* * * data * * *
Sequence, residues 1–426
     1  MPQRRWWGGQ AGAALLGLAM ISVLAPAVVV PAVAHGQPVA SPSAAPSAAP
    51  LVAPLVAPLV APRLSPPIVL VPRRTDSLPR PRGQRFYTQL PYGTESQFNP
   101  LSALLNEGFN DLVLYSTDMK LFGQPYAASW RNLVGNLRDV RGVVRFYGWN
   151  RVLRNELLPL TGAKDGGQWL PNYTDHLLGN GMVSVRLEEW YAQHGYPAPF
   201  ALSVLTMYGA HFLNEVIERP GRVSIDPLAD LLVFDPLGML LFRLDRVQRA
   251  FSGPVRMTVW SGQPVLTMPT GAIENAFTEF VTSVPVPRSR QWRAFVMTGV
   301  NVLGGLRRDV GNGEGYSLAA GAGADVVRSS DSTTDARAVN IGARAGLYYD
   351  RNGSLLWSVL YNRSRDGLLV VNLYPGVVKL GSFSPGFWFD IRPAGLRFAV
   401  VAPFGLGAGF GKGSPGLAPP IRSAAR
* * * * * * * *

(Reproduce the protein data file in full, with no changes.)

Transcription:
Sequence, residues 1–426
     1  MPQRRWWGGQ AGAALLGLAM ISVLAPAVVV PAVAHGQPVA SPSAAPSAAP
    51  LVAPLVAPLV APRLSPPIVL VPRRTDSLPR PRGQRFYTQL PYGTESQFNP
   101  LSALLNEGFN DLVLYSTDMK LFGQPYAASW RNLVGNLRDV RGVVRFYGWN
   151  RVLRNELLPL TGAKDGGQWL PNYTDHLLGN GMVSVRLEEW YAQHGYPAPF
   201  ALSVLTMYGA HFLNEVIERP GRVSIDPLAD LLVFDPLGML LFRLDRVQRA
   251  FSGPVRMTVW SGQPVLTMPT GAIENAFTEF VTSVPVPRSR QWRAFVMTGV
   301  NVLGGLRRDV GNGEGYSLAA GAGADVVRSS DSTTDARAVN IGARAGLYYD
   351  RNGSLLWSVL YNRSRDGLLV VNLYPGVVKL GSFSPGFWFD IRPAGLRFAV
   401  VAPFGLGAGF GKGSPGLAPP IRSAAR